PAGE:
How to occupy your school: a lesson from Brazil

Ahead of the glitz and glamour of the Rio 2016 opening ceremony the eyes of the world will be trained on Brazil, though more often than not the news focuses on complaints of raw sewage in swimming venues or ‘boring’ outfits over human rights. With Brazil as a whole suffering an economic slowdown and a major political crisis many public services have been hit with cuts to free up cash ahead of the games, with health, transport and education particularly affected.

The root of many recent austerity measures can be traced to the country’s political crisis. After the suspension of President Rousseff ahead of an impeachment vote, the senators who voted to remove her powers began rushing to pass fiscally and morally conservative laws, including cuts to education and restrictions on abortion, while plans to allow children to be punished as adults for serious crimes could also be resurrected.

In São Paulo, the state’s governor tried to push through changes that would close almost 100 public schools and affect hundreds of thousands of elementary, middle and high school students in late 2015. This plan, created without consultation, was the final straw for many who saw the government as mired in corruption or squandering resources elsewhere.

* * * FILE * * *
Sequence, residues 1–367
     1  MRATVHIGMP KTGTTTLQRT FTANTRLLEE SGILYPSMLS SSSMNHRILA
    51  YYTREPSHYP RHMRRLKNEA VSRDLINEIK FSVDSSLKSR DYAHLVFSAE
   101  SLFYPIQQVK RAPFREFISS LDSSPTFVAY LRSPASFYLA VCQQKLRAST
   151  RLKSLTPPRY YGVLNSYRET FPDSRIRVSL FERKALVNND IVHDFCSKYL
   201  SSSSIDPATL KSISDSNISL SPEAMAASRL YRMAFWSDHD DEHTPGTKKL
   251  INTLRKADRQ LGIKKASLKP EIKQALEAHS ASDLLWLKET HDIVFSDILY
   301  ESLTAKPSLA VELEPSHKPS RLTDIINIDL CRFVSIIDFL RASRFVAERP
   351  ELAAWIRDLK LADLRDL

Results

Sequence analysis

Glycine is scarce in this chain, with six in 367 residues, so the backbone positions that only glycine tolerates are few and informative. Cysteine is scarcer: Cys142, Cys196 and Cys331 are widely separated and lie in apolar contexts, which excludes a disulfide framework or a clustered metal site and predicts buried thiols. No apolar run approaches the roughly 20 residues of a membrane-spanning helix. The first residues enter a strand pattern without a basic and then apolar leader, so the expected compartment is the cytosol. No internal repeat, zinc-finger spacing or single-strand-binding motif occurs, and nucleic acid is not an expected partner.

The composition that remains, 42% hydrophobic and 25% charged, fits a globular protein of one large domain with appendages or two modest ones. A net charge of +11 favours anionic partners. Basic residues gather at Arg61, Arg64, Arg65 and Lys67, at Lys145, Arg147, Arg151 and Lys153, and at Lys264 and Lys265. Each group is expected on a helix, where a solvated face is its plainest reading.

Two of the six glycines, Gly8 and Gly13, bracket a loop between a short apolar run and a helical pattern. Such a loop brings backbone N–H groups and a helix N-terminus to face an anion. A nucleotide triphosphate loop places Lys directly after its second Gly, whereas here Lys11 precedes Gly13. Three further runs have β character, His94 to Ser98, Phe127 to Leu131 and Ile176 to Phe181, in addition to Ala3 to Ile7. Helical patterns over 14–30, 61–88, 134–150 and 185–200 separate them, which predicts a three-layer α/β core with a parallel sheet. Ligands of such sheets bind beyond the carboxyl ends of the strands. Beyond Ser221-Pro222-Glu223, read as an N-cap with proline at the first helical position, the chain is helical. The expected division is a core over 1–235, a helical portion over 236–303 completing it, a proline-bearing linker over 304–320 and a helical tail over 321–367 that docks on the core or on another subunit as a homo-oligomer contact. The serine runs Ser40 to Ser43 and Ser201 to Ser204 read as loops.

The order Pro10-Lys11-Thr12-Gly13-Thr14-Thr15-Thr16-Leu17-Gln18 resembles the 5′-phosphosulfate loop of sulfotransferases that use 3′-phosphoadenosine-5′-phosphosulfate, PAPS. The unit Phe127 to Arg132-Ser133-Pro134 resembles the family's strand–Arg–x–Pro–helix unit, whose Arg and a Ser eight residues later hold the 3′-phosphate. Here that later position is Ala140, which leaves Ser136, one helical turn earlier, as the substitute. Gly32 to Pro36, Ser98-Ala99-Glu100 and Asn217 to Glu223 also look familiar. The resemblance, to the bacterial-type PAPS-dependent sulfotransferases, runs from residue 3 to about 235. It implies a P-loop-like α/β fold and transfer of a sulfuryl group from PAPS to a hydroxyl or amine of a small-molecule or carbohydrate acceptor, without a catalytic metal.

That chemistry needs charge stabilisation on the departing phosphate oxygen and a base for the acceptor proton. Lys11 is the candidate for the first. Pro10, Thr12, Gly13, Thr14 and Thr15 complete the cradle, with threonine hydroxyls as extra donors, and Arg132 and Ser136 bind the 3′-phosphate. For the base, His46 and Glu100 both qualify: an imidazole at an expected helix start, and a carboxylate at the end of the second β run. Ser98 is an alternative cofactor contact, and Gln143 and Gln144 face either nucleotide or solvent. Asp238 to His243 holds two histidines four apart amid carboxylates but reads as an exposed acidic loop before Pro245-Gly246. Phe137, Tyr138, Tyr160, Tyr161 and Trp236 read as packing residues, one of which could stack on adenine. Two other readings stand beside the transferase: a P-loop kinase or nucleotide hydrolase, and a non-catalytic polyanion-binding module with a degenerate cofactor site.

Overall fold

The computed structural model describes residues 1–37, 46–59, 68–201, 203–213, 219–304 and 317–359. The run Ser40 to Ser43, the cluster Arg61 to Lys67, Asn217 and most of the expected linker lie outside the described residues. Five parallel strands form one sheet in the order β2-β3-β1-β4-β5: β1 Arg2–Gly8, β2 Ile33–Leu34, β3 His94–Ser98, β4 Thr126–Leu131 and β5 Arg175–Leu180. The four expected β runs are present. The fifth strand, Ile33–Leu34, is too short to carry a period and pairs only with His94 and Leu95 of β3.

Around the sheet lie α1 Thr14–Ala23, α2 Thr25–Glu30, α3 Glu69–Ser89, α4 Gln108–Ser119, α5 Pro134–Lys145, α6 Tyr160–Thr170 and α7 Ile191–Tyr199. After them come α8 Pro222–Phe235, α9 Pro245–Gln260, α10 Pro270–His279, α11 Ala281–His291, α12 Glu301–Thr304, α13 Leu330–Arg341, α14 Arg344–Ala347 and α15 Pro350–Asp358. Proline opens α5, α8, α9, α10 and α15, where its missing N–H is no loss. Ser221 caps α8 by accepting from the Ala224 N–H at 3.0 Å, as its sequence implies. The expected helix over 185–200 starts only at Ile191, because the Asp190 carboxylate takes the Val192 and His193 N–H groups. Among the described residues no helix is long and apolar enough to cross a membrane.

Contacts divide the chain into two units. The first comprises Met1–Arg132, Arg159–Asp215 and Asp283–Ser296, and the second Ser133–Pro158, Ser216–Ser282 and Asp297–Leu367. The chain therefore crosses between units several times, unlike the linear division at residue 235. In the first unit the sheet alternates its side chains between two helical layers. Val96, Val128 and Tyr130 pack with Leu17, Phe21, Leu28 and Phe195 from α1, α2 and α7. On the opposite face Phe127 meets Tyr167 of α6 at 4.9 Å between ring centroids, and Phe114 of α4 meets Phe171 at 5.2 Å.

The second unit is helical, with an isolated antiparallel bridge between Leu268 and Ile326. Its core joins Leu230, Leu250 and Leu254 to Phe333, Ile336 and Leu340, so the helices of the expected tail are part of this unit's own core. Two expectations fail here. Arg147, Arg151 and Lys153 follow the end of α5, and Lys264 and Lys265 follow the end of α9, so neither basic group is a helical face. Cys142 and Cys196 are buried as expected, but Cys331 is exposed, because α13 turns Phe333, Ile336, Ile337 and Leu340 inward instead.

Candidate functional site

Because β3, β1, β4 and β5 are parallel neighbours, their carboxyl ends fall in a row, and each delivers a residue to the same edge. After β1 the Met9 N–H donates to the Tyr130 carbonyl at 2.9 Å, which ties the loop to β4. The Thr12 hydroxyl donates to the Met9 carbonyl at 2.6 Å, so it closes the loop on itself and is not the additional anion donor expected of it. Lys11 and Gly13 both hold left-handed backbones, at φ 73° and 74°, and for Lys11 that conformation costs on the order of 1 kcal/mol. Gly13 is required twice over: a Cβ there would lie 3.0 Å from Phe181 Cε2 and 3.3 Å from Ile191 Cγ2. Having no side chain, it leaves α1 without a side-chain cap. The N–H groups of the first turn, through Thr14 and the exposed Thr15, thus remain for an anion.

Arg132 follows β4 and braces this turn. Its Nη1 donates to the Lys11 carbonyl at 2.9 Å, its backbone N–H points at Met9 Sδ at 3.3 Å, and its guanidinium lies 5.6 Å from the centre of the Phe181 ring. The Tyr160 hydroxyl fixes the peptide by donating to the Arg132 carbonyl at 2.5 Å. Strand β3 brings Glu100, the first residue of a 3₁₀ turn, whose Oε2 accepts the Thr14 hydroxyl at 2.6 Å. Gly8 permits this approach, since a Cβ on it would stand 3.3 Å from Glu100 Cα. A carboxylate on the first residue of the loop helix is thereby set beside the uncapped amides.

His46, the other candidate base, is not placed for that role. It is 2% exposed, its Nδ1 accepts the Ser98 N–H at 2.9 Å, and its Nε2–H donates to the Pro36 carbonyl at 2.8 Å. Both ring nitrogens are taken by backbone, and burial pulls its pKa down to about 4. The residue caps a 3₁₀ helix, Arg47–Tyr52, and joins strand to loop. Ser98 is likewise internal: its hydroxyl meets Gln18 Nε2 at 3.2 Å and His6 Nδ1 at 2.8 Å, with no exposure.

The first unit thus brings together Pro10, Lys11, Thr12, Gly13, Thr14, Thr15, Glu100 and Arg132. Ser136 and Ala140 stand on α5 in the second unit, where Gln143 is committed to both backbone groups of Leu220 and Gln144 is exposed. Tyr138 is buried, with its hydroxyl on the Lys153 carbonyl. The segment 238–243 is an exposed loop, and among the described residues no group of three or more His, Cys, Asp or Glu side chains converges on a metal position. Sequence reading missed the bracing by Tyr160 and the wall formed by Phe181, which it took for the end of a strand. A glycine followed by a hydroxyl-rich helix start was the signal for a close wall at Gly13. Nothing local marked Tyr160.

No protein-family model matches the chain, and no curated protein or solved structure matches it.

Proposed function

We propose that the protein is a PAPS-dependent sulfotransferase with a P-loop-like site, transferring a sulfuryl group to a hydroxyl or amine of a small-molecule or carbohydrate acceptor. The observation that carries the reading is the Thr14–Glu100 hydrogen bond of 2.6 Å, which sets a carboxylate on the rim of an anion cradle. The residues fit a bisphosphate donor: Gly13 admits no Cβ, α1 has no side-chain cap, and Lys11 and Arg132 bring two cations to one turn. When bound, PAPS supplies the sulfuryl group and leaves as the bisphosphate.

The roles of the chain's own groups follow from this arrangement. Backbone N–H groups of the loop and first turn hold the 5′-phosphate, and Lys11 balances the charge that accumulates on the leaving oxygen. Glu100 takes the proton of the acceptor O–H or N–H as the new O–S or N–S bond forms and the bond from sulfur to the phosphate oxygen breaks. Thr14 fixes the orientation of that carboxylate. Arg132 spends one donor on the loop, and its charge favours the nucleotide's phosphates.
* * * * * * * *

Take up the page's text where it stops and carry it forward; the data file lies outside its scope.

A generation of young people, previously relegated to supporting the strikes being organised by their teachers, took the initiative and peacefully occupied schools across the territory. Inspired by similar action in Chile taken by university students, the young activists translated a guide from that movement, titled ‘How to occupy your school’ and shared it widely using the Whatsapp and Facebook.

The government tried to eject the pupils forcefully, sending military police armed with rifles to terrorise and attack them, but the students used their phones and camera to document the violence and turn their attacker’s force against them. The occupiers stayed, buoyed by public support and provisions from teachers and parents and soon more protests sprung up across the state, in spite of the government’s continued use of heavy-handed violence.